Threat Management, Malware, Phishing, Threat Management

OSX/Dok malware spread via phishing to steal banking credentials

Check Point researchers spotted a phishing campaign combined with a man-in-the-middle (MiTM) attack targets MacOS users and spreads the OSX/Dok malware to steal banking credentials by mimicking major banking websites.

Victims are lured through fake websites into installing an application on their mobile devices which could potentially lead to further infection and data leakage, according to a July 13 Check Point blog post.

Researchers spotted the discrepancies in the fake sites by their incorrect usage of the copyright years listed on the page, failure to possess the original Credit-Suisse SSL certificate and the authentication token in the URL.

Threat actors behind the campaign are even going as far as purchasing dozens of Apple certificates to sign the malicious application bundle in order to bypass GateKeeper, a macOS security features designed to prevent installation of unsigned application in the system.

The malicious application bundle also has a similar name as those used by Apple in an attempt to make it appear more credible to the victim. Despite Apple's efforts to revoke the compromised certificates, new ones are constantly appearing.

The malware has been upgraded to make detection and removal more difficult by modifying a victims OS settings to disable security updates and modifying the local host file in such a way that prevents the victim, and some Apple services, from communicating, the blog said.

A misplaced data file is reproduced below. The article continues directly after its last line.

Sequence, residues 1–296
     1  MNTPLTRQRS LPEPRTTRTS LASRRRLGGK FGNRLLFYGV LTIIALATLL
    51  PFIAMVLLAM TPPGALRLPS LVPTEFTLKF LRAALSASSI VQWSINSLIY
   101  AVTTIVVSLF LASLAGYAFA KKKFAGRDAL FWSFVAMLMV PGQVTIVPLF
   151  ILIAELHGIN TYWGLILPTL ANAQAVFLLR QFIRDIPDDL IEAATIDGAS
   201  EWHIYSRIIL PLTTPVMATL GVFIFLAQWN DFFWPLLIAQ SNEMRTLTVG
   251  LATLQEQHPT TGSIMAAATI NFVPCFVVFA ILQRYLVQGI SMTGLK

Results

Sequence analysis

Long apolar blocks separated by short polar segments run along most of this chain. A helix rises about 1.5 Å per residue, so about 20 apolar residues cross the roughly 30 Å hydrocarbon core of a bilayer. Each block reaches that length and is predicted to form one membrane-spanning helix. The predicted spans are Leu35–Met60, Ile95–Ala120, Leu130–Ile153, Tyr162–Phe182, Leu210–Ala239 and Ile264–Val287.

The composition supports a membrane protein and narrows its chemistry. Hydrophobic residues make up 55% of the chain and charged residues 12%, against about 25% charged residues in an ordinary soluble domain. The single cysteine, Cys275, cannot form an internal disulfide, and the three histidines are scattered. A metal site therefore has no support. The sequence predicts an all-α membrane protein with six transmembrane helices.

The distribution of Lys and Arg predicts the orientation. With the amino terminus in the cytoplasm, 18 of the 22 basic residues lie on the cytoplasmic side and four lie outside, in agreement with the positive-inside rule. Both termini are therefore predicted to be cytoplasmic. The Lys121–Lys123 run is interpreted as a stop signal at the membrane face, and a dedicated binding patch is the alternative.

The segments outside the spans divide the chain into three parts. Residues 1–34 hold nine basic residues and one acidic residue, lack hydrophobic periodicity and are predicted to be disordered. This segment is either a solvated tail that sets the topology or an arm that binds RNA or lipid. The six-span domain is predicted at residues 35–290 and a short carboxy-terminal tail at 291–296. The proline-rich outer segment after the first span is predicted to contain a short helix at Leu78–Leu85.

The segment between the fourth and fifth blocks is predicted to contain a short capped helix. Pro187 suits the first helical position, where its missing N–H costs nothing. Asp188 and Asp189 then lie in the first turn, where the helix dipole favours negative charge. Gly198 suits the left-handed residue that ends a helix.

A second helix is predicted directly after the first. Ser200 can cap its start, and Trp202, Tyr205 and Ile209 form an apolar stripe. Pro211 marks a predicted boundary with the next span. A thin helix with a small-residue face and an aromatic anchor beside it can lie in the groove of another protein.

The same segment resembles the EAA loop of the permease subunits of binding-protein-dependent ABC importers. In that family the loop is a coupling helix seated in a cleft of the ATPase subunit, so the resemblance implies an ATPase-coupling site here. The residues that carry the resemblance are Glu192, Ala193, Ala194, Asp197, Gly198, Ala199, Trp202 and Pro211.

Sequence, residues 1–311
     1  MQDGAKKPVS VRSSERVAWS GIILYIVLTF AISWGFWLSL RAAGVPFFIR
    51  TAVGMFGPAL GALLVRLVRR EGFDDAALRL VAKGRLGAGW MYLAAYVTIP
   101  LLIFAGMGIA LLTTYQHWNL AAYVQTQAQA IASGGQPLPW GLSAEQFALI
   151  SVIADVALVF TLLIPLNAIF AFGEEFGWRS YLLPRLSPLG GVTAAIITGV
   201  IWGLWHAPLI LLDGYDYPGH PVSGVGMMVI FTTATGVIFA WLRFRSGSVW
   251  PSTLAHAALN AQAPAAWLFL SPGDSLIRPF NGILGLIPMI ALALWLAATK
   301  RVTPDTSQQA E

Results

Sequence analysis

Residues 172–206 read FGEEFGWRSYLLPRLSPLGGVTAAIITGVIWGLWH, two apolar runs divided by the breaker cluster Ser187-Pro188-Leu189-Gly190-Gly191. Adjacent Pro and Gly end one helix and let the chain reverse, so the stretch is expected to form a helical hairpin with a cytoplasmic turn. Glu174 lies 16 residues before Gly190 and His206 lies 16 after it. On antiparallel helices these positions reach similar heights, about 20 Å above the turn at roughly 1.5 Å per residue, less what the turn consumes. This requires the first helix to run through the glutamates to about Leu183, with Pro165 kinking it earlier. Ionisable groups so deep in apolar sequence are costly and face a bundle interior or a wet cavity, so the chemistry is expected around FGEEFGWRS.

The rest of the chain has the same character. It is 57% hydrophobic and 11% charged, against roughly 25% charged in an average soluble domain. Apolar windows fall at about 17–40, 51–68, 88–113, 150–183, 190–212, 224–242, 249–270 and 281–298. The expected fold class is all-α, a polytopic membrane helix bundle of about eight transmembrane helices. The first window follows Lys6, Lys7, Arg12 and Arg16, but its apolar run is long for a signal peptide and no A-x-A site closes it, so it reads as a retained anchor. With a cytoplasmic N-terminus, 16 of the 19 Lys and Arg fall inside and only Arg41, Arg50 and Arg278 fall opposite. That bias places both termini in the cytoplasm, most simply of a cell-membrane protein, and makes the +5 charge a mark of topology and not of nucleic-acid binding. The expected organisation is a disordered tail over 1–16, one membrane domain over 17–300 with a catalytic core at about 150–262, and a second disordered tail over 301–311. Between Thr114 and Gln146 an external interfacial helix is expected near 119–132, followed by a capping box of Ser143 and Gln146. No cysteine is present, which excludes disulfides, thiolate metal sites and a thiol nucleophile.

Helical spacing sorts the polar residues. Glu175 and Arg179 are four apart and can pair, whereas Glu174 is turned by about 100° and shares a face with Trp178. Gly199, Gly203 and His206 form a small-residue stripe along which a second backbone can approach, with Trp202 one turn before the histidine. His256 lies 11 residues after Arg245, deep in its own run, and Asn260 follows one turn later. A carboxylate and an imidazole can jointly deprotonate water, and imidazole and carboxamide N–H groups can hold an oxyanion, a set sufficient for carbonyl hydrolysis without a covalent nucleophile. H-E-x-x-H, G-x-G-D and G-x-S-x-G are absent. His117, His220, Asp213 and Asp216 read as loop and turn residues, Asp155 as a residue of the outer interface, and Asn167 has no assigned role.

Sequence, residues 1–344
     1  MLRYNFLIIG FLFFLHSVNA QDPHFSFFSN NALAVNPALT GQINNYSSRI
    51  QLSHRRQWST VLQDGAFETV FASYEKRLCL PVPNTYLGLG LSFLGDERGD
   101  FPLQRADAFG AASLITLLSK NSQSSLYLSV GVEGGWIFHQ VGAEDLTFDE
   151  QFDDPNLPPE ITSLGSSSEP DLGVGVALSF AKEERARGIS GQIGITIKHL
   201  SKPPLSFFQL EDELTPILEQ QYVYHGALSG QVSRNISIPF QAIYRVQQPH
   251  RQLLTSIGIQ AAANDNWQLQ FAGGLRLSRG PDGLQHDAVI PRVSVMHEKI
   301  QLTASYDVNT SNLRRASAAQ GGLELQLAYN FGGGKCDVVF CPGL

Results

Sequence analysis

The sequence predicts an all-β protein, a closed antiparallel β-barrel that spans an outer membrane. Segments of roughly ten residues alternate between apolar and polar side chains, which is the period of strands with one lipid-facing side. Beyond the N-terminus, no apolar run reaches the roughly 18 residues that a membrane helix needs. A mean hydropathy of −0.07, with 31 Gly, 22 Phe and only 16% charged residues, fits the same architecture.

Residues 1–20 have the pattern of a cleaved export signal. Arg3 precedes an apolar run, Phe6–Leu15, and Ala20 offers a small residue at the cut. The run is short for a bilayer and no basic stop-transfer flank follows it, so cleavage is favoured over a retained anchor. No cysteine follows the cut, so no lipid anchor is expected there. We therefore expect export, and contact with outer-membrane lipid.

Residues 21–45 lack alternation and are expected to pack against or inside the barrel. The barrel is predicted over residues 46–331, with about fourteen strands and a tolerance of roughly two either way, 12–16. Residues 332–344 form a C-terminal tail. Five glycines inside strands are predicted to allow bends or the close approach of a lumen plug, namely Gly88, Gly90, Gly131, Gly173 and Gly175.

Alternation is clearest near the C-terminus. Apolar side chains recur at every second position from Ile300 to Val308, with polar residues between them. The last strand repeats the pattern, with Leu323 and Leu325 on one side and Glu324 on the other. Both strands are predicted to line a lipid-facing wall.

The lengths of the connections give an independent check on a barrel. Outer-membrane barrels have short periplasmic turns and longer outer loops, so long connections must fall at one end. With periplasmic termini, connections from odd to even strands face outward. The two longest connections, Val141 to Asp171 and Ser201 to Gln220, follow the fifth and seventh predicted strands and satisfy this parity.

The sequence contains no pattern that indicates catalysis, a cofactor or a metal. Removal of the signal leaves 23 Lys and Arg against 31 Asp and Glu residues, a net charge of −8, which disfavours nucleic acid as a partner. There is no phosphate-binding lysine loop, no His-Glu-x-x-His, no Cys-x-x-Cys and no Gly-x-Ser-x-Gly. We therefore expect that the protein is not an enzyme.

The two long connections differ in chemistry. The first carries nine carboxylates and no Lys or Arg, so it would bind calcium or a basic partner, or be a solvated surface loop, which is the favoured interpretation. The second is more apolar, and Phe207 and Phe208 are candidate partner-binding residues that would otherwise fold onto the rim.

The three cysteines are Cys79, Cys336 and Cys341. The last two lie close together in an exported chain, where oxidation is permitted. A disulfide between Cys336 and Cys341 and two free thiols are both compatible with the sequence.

This makes it so all traffic of the infected computer is prevented from reaching Apple's website or VirusTotal, a free online services for identifying various malware types.

Once infected, the malware installs the “Signal” messaging application for reasons that aren't completely clear to researchers. It is possible the messenger app will be used to bypass two-factor authentication, allow the attacker to communicate with the victim at a later stage, or enable the app to temporarily acquire install rate statistics to prove to the attackers that it is working.

“Unfortunately, the OSX/Dok malware is still on the loose and its owners continue to invest more and more in its obfuscation by using legitimate Apple certificates,” the post said. “The fact that the OSX/Dok is ported from Windows may point to a tendency.”

They went on to say they believe more Windows malware will start being ported over to Mac OS.

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